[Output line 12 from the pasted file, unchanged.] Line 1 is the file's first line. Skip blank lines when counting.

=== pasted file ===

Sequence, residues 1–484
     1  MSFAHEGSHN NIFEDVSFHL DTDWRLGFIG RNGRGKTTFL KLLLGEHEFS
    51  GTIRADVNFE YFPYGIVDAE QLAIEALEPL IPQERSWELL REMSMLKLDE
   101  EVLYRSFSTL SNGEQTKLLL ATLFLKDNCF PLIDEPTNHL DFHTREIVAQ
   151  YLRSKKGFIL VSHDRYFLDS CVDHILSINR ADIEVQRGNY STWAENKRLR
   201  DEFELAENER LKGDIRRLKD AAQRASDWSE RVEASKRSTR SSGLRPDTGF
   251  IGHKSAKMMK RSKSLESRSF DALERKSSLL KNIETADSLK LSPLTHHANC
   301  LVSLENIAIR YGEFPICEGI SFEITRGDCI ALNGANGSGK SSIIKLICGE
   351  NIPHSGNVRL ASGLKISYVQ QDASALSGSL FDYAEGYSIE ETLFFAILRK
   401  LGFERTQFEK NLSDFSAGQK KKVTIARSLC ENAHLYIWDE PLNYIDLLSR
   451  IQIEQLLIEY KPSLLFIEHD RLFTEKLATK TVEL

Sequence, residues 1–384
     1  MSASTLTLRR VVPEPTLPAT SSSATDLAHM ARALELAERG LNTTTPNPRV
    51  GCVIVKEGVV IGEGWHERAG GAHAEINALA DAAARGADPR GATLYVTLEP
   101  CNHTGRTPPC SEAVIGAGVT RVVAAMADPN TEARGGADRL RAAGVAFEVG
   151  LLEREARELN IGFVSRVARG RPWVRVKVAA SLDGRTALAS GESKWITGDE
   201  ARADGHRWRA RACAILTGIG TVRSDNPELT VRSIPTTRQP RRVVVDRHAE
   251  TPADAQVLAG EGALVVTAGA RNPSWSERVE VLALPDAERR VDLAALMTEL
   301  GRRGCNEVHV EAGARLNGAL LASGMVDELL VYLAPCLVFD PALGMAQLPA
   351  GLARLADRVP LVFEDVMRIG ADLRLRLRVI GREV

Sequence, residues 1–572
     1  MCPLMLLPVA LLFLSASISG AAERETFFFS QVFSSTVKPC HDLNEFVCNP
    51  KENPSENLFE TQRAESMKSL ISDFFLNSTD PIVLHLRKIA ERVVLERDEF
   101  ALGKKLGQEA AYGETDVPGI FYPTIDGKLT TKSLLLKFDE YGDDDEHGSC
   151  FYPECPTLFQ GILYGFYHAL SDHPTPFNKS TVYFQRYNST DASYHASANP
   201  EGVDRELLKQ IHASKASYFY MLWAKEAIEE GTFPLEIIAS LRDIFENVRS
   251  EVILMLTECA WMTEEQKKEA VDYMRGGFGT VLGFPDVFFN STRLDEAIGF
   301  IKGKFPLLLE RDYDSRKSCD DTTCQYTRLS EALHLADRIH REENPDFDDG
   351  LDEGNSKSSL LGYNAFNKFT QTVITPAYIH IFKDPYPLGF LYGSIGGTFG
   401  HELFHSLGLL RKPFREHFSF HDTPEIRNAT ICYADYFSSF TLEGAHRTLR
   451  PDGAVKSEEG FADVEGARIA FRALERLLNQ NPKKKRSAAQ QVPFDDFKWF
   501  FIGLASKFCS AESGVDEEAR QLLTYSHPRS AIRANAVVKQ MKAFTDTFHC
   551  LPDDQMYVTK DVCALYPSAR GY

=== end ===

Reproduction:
Sequence, residues 1–384